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CHAPTER SUMMARY AND NOTES
CHAPTER 8: A Pirate Bold to Be
Depressed about Beckyís rejection of him, Tom goes to the nearby woods. The silence and the hot weather suit his mood, as he wishes that he could just die. He then thinks about going away somewhere, just disappearing. He imagines himself joining a band of Indians and moving to the far West or becoming a clown in the circus. Better still, he thinks about becoming a pirate. He determines he will leave home the next morning to pursue piracy.
Idly, Tom starts digging the earth with his knife to find the marble he has recently buried. He believes in the superstition that if a boy buries a marble and comes back two weeks later and digs it up, he will find all the marbles that he has ever lost. With this in mind, he starts digging in earnest, but finds no more marbles. As a result, his faith in superstitions takes a beating, and he tosses the marble away. He consoles himself by thinking that a witch probably has interfered.
His friend Joe soon joins him. Tom extracts toy weapons from their hiding place, and they pretend to be Robin Hood and Guy of Guisborne. Tom is almost on the point of being beaten when he tells Joe that according to the books, Robin Hood always wins. Joe bows to this fact and concedes the fight. They play for some more time and then, tired, they make their way home.
There is little action in this chapter. A depressed Tom goes away to the nearby woods to be alone and contemplate his poor treatment by Becky. Tom is never bothered by the cruel punishment he receives from his teacher. It is the treatment from the women in his life, Aunt Polly and Becky that make him miserable. The author, here too, highlights some of the superstitions that the children believe. When Tom finds one marble in the earth, he believes that he will find more, as the superstition indicates. When he does not find other marbles, his faith in superstitions is shaken.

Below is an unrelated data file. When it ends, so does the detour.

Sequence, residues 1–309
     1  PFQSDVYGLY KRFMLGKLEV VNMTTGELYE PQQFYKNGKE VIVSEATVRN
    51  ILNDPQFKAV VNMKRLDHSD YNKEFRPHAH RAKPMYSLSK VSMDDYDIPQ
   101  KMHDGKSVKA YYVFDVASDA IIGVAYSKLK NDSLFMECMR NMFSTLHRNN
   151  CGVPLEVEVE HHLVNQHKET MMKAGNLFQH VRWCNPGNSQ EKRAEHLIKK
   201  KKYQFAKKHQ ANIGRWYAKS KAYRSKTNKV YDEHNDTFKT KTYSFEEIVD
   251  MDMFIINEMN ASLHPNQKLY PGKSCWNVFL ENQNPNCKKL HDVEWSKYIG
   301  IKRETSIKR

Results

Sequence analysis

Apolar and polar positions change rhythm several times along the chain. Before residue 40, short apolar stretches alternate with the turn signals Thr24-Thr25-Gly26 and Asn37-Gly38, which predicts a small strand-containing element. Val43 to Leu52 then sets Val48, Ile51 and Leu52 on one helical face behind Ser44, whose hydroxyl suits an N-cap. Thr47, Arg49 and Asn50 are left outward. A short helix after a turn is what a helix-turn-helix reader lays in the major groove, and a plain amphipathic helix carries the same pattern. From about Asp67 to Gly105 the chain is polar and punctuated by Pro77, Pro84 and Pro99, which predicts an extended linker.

When Joe joins Tom, he seems to forget all about Becky. The two boys play at being Robin Hood and Guy of Guisborne. Tom always wants to be in a commanding position and hates to lose a fight. When he is losing, he reminds Joe that he is Robin Hood, who always wins the fight. Joe acquiesces and lets Tom win. After their game of pretending is over, Tom and Joe agree that they would rather be outlaws for a year than the President of United States forever; being outlaws would allow them to live as they wish. The author again draws attention to Tomís free sprit and his dislike of being tied down.
Tomís romantic nature is developed in this chapter. He feels miserable at being spurned by Becky and grows melancholy about it. He wanders away to the wood to wallow in self-pity. There he contemplates dying or running away to become some romantic creature -- a clown or an Indian or a pirate. When Joe Harper arrives on the scene, they play a romanticized game of Robin Hood.